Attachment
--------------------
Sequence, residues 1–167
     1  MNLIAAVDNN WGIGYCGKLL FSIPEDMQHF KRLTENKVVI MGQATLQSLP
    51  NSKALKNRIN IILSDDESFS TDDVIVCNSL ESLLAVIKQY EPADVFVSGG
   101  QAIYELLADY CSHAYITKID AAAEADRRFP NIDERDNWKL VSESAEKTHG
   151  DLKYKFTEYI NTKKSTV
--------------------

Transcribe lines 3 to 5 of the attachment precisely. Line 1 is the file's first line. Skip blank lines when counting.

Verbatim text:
    51  NSKALKNRIN IILSDDESFS TDDVIVCNSL ESLLAVIKQY EPADVFVSGG
   101  QAIYELLADY CSHAYITKID AAAEADRRFP NIDERDNWKL VSESAEKTHG
   151  DLKYKFTEYI NTKKSTV